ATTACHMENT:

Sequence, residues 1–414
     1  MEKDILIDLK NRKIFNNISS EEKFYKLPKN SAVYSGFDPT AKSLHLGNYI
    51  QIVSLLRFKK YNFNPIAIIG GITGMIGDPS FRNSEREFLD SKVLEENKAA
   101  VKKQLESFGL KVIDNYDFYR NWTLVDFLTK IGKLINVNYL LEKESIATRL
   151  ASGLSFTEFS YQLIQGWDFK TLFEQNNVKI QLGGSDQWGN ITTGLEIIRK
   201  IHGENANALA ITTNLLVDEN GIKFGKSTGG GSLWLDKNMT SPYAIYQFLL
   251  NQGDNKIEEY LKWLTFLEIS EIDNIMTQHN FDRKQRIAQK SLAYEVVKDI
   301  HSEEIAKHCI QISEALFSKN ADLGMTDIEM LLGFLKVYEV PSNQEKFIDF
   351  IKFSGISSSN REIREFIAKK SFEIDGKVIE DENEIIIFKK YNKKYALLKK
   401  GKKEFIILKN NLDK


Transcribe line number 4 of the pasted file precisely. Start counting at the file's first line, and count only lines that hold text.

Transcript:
   101  VKKQLESFGL KVIDNYDFYR NWTLVDFLTK IGKLINVNYL LEKESIATRL